Love to learn
Natural and applied sciences are developing so fast, powered by edgy technology, that a study noticed that in some high-tech fields, what students have learned in the first year of the course is already obsolete by the time they finish the fourth year of the course. And that trend is accelerating. So, the notion that one can attend a four-year undergrad course, learn a profession and then apply in the next three decades is completely dead. Graduation is no longer the objective but merely the kickoff. Remember that growth mindset and passion for continuous learning are essential.
Knowledge and new hard skills will have to be grouped in shorter cycles of learning and at a higher frequency. So, it will be part of everyone's routine dedicate long hours to self-education, as a condition to keep relevancy on what we do for a living. And that makes so important to find our kids schools that center on individualized education. Schools were truly helping them to enjoy learning while respecting their characteristics and personality. That is key to nurture high self-esteem and pride of accomplishment, two cornerstones of happier, socially apt, secure and decisive adults.
Be passionate about what you do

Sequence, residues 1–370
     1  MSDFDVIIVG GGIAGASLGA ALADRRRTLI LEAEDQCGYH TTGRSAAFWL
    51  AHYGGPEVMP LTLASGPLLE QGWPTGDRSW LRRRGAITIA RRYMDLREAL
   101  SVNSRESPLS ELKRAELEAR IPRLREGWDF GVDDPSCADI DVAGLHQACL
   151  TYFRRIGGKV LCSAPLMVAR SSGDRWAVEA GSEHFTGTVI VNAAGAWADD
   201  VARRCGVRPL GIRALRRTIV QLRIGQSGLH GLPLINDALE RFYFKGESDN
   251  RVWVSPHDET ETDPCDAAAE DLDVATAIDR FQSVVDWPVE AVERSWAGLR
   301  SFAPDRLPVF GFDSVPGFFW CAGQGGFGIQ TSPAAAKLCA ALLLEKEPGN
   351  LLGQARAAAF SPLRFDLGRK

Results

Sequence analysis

That takes us to the next hint about the future of work. Help our kids to find their passions and transform them into deep expertise. Once we have eliminated routine tasks with automation, basic social interactions with social robots and low-level decision making with AI, we will be free to produce more intellectual work, be creative and take the time to better care for each other. The unparalleled amount of wealth created will open the possibilities to compensate better social workers, volunteers, teachers and academicians as we have never before. Professions on social and intellectual fields will flourish and be potentially better compensated than today. Concomitantly, the amount of time dedicated to leisure will keep growing, and that means the market to consume any art form as music, gaming, and design will also grow exponentially. Professions that are not well remunerated today and sometimes seen as hard to make a living will flip the table and be more lucrative. With less economic concern about professions, passion will be the primary driver of success in the future. The amount of energy dedicated to learning and grow in a profession will define how successful one can be, and passion is the key ingredient of dedication. That is not different from today of course. The difference is that we can apply that concept to any field with less fear of watching our kids not being able to afford a comfortable life for themselves. The bigger one's passion is, the greater success potential will be.